The Bangladesh National Party-led coalition government headed by Begum Khaleda Zia completed its first year in office amidst bitter controversy over the deteriorating law and order situation in the country. But Khaleda Zia claims she has inherited a law and order system in ruins from the preceding Awami League regime. More damaging for the reputation of the Khaleda Zia government was the publication of a Time magazine story which claims that 150 members of the taliban and al Qaida have taken refuge in Bangladesh. The government has predictably denied it, calling the story “totally malicious and a figment of wild imagination”.
The Awami League, the main opposition party in the country, has presented data to show that a total of 24,135 people, including three journalists, were killed, and thousands of women raped during the one year of BNP-led coalition rule. The print and electronic media were also shown a documentary film on the incidents of repression on Awami League leaders and supporters.
Independent observers in Dhaka point out that widespread violence and corruption are not new to Bangladesh and the previous Sheikh Hasina Wajed government lost the confidence of the people because of the corrupt and dictatorial ways of its ministers and party leaders. They, however, agree that the new government has also failed to curb lawlessness, and criminals continue to enjoy a free hand in Bangladesh.
More worrisome is that the Islamic fundamentalist forces have now gained a new political respectability after Khaleda Zia included two Islamic parties into her coalition government. These two parties, Jamaat-e-Islami and Islamic Oikya Jote, are generally held responsible for the large-scale persecution of minority communities following last year’s national elections. The Jamaat-e-Islami has even reported links with terrorist outfits in Pakistan and beyond.
Given this backdrop, the story published in Time assumes extra significance. The Indian government has so far not reacted to the story. Police sources in West Bengal however say that militants trained by the Inter-Services Intelligence are now increasingly using places in Bangladesh as entry-points to India. According to reports, the ISI is also recruiting and training Bangladeshis for espionage in India. It is important to mention here that Bangladesh has a 4,096 kilometre-long border with India, much of which is devoid of any fencing.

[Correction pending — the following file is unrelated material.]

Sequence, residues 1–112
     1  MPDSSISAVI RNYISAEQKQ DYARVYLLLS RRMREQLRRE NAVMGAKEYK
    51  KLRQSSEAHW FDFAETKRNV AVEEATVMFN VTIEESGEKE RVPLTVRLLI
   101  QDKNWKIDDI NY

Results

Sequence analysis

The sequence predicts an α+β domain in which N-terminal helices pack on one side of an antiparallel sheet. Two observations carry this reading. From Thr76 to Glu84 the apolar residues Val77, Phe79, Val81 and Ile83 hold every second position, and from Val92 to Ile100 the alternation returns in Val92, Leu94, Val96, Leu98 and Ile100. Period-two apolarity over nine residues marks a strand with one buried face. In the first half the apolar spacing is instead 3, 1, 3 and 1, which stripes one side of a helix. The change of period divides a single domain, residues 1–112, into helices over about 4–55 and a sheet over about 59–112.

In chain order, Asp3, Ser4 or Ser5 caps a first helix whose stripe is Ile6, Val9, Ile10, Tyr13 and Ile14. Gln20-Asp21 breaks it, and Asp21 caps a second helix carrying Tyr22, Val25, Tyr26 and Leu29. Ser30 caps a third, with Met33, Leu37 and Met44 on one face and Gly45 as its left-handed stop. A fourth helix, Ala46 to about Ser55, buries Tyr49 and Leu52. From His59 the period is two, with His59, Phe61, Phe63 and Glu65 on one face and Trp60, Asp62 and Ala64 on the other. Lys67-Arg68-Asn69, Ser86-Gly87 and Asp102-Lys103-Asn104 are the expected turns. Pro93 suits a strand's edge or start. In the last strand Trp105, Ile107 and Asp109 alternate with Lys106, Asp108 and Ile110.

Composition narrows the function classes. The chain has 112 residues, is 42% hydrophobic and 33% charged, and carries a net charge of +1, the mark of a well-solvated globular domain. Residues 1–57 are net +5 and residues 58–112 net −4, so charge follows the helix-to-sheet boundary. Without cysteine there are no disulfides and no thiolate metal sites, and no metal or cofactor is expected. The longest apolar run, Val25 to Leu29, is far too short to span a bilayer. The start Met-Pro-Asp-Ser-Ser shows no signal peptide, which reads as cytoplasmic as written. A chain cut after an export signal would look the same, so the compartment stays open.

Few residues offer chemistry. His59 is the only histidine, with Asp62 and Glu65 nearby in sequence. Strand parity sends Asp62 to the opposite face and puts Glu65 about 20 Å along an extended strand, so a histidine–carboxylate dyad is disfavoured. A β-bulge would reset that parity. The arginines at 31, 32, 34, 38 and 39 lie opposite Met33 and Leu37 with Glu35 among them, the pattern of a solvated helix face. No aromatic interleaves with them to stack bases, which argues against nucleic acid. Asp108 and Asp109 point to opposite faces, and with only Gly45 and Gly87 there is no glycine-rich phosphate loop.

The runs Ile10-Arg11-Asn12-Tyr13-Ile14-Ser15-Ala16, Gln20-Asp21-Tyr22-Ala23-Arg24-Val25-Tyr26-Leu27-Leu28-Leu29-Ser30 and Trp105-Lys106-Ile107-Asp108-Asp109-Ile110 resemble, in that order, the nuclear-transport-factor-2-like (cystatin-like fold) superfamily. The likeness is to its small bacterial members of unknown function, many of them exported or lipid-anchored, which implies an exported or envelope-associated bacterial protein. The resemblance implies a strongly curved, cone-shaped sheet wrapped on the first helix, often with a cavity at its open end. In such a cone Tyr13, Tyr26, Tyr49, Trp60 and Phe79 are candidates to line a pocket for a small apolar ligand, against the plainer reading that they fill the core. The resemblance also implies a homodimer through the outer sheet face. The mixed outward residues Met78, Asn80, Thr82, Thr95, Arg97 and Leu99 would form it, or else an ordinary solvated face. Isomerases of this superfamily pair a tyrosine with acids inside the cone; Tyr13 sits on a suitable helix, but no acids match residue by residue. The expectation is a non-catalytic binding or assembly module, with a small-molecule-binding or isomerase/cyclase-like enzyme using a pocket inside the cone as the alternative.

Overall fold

Political analysts at Dhaka, however, take pains to emphasise that the civil society in Bangladesh is still largely secular despite the growing influence of Islamic fundamentalists in some parts of the country. They also argue that the rise of Hindutva forces in India, as in evidence during the Gujarat pogrom, strengthen the hands of Islamic militants in Bangladesh.
These political problems notwithstanding, both India and Bangladesh seem to be more interested in developing bilateral economic ties. But there has been no significant breakthrough in trade relations. While India wants to import gas from Bangladesh, the Khaleda Zia government is not ready for the deal. On the other hand, Bangladesh would like an amendment in the 1980 trade treaty with India, which, it feels, is “against the national interest of Bangladesh”. On the whole, there does not appear to be any immediate possibility of improvement in the economic ties between the two countries.
But in her second year of rule, foreign relations are lesser problems for Khaleda Zia than growing corruption, violence and the communalization of the polity. In April, the Denmark government accused a Bangladeshi minister of corruption and withdrew a $45 million grant to the ministry of shipping. Leading non-governmental organizations have also prepared reports about the surging crime graph. And now the Time story hinting at terrorist links. The true test of the Khaleda Zia government lies in its handling of these problems.